Monday, February 14, 2011
India Together, Feb 2011
The young girl, in a yellow salwar kamiz, spoke hesitatingly into a microphone. The brightly lit stage, the darkened auditorium, the microphone were enough to terrify any young girl. More so if she was not familiar with the big city and came from rural Maharashtra. Yet, Tabassum Sheikh Latif from Shirola village in Maharashtra's Akola district testified clearly and simply about her life as a child worker. The occasion was a public hearing organized by Save the Children on child labour in agriculture in Maharashtra.
A day before the hearing, the Maharashtra government had released data that suggested that enrollment in schools across the state had increased and stood at over 90 per cent. One was supposed to believe from this that the majority of children in the state were now attending school.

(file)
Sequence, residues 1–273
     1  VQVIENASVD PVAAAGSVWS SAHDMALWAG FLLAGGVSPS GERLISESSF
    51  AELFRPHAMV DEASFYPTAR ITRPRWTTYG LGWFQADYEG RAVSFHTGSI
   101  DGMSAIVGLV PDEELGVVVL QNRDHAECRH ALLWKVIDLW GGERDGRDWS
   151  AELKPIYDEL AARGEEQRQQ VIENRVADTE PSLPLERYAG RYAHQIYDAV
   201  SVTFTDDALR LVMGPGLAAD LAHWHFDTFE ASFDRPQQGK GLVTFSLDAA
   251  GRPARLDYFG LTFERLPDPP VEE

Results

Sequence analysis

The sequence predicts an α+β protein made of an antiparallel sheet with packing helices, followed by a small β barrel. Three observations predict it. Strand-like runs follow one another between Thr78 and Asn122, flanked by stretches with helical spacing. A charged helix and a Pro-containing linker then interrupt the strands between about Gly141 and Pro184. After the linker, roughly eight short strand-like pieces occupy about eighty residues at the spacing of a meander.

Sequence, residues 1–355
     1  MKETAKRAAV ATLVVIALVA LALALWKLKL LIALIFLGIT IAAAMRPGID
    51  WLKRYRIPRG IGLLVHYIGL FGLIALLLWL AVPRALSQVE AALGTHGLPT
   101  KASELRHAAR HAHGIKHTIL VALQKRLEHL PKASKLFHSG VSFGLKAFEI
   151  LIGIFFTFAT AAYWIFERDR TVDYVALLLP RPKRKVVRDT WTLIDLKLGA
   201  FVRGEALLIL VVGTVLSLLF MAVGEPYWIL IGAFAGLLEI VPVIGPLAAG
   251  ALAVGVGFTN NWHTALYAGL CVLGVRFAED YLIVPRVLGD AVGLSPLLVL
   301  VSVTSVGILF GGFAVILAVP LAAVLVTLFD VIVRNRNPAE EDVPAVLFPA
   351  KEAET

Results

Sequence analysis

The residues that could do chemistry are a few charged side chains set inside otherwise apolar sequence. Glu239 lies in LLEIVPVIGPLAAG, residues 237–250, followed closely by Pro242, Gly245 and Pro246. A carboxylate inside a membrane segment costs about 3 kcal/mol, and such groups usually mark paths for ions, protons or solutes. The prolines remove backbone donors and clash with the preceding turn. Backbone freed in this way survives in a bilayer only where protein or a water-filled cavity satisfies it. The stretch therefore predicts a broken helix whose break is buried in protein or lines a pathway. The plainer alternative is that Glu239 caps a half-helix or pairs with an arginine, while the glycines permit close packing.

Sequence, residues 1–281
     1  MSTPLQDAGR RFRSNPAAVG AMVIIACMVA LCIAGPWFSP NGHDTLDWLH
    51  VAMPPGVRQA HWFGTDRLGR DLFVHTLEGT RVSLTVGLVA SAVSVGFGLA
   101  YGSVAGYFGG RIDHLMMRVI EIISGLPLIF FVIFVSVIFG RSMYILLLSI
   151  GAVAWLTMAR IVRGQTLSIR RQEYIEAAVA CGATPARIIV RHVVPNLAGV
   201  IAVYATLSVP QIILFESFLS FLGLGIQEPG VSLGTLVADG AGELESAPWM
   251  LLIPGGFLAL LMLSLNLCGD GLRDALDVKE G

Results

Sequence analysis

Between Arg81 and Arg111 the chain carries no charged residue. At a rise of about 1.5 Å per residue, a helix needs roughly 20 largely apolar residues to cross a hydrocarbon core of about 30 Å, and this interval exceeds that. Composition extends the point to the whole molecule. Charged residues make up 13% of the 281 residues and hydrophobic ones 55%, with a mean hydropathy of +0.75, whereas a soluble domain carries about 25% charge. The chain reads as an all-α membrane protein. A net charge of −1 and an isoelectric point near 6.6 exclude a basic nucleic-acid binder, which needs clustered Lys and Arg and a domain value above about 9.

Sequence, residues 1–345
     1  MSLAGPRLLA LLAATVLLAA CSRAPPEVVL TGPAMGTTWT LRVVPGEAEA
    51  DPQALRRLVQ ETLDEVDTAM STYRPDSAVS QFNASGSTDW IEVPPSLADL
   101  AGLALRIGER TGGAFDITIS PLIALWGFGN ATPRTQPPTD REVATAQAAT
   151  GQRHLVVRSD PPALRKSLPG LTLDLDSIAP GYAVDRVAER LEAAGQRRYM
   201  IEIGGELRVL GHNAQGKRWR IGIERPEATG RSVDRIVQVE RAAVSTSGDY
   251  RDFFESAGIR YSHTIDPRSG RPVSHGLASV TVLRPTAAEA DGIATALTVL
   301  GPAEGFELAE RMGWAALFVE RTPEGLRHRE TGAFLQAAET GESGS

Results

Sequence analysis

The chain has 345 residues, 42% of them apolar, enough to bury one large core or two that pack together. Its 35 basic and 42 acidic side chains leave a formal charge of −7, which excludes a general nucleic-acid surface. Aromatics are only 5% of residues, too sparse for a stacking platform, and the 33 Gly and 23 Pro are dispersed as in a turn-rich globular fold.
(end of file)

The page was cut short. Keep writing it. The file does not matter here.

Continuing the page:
Tabassum's story revealed a rather different picture. I want to go to school, I want to become a teacher, said the 11-year-old. But instead she spends her days working with her family in cotton fields like millions of other children across India. During Diwali she works in a factory that makes firecrackers, an occupation specifically banned under the Child Labour (Prevention and Regulation) Act 1986.
Yet, while handling hazardous material is specifically prohibited, all forms of agricultural work are not disallowed for children under 14. So girls like Tabassum can be found in cotton fields plucking and doing cross-pollination. Their hands get cut from the thorny bushes; they inhale the pesticide sprayed on the plants. Some of the pesticide rubs off on their hands, gets into their eyes. They complain of skin problems, nausea, giddiness. Yet, this work is not considered hazardous for young children like Tabassum.
Even as the government introduces new laws aimed at children's welfare, it is becoming increasingly clear that there is an urgent need to look at all these laws together, iron out the contradictions and find ways to make their implementation more rigorous and effective.
(To read the rest of the article, click on the link above)